The Contemporary New England Witch

The Contemporary New England Witch
Ms Faith

Sunday, April 10, 2016

Ancient Pagan Funerary Practices, Some That Are Still with us Today



Good Morning,

Recently I found myself going to a wake of a woman who had reached the remarkable age of 102. She was the mother of an acquaintance and though I did not know her, I went out of respect. Many times when we are at a wake or funeral we are grieving and emotional. As I went out of respect and had not known this woman I was able to appreciate the elements that go into a funeral nowadays and started thinking about where they had come from. The origins of the funerary traditions, if you will.

I have studied much about paleolithic man over the years as I am always looking for the origins of the first spiritual/religious worship. We find elements of this in the practices of dealing with the dead during the prehistoric era, with the first humans. There is evidence that the very first humans were prepared for burial by painting their naked bodies with a 'paint' made from red ochre a type of hematite stone also known as iron oxide, that is powered, and they were buried in caves rather than buried in the ground.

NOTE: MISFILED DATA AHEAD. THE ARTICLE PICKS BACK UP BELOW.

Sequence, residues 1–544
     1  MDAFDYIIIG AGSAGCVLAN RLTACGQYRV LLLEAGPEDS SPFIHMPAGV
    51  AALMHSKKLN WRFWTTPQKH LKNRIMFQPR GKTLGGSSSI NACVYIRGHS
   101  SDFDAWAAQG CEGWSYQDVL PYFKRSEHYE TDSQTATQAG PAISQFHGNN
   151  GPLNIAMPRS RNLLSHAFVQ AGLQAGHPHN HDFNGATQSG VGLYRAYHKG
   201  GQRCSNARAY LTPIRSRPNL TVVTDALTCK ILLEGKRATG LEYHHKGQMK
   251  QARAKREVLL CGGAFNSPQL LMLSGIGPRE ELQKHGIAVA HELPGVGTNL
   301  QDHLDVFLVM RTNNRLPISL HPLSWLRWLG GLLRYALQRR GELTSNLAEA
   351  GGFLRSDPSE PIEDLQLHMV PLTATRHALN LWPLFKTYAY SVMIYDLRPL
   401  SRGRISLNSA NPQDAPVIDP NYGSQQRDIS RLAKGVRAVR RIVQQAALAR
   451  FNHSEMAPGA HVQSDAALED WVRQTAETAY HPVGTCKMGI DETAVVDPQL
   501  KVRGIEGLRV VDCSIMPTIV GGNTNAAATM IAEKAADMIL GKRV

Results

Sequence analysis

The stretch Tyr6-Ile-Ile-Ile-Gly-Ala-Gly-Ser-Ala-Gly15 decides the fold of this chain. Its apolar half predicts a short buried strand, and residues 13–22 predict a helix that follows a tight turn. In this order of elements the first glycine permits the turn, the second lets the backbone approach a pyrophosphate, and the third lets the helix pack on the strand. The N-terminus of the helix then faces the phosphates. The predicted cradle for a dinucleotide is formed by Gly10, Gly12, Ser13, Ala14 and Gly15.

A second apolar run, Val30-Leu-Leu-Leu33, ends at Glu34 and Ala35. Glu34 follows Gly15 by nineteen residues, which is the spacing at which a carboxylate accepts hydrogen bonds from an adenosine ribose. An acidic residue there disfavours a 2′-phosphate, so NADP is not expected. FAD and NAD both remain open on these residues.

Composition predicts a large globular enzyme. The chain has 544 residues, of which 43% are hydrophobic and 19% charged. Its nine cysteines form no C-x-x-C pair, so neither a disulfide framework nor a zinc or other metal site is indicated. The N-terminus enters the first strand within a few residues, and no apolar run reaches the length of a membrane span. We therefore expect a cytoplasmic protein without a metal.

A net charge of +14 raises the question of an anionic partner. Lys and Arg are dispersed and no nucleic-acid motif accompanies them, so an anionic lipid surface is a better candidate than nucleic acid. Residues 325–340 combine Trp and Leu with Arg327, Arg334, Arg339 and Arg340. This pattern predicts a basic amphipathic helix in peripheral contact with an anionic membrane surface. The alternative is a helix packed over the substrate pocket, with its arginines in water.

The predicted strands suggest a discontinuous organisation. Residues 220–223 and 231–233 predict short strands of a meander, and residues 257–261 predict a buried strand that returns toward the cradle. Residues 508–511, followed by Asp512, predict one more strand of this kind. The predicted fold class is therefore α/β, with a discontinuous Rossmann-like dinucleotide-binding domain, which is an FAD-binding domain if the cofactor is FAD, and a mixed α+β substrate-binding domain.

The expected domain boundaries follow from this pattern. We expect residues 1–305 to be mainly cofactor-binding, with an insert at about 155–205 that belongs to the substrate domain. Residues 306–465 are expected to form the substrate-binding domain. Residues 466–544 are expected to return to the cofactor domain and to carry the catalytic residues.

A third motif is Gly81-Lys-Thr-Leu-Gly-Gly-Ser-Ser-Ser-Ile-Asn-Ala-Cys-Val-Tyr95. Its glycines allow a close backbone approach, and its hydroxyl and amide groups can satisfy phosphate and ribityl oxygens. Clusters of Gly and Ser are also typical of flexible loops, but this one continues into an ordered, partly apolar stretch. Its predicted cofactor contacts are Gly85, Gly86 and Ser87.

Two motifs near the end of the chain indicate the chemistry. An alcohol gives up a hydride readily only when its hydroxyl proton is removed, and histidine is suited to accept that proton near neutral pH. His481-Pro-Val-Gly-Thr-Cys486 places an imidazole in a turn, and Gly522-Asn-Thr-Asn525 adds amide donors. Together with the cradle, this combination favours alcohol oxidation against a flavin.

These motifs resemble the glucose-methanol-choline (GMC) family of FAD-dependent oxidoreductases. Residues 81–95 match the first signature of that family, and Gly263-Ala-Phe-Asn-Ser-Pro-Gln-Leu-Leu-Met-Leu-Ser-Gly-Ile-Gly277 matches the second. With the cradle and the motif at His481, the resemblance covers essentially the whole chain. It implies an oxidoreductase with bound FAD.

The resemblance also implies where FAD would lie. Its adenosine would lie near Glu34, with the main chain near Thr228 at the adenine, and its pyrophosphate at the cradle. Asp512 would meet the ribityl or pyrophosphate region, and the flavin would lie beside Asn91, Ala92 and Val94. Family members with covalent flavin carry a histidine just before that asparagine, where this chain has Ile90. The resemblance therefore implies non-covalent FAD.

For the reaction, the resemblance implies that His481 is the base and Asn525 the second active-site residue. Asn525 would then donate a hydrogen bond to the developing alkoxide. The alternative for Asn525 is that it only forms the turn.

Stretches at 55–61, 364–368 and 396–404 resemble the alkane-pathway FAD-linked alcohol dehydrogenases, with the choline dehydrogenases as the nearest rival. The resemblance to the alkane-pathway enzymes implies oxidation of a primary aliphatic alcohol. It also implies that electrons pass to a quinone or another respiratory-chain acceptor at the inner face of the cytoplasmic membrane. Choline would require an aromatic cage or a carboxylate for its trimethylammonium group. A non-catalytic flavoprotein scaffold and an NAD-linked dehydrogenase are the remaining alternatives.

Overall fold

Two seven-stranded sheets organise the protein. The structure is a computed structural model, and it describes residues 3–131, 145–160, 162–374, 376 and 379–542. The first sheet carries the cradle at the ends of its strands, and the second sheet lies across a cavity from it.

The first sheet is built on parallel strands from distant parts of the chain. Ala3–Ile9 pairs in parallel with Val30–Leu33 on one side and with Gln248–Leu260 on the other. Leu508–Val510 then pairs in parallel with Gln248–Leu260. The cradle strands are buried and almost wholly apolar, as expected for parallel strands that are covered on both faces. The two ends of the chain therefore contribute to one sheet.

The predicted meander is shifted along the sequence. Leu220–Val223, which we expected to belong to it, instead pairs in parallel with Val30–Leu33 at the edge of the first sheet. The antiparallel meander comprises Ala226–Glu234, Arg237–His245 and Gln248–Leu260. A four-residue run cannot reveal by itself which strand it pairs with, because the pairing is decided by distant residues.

The Upper Paleolithic Cave site known as Arene Candide has the body of a young man buried over 23,000 years ago, and he was painted with the red mixture.  Another body found in Paviland Cave in the UK, from approximately the same era, found a body called "the Red Lady" due to the large quantities of red ochre used in the burial. There are many other examples found around the world during this prehistoric era. There is a belief among Archaeologists that the bodies were so prepared, painting them with the 'blood' of the Mother earth, reminiscent of the blood that covers the body of the infant when it is born. Then the body of the deceased was interred back into the 'womb' of the Great Mother Earth.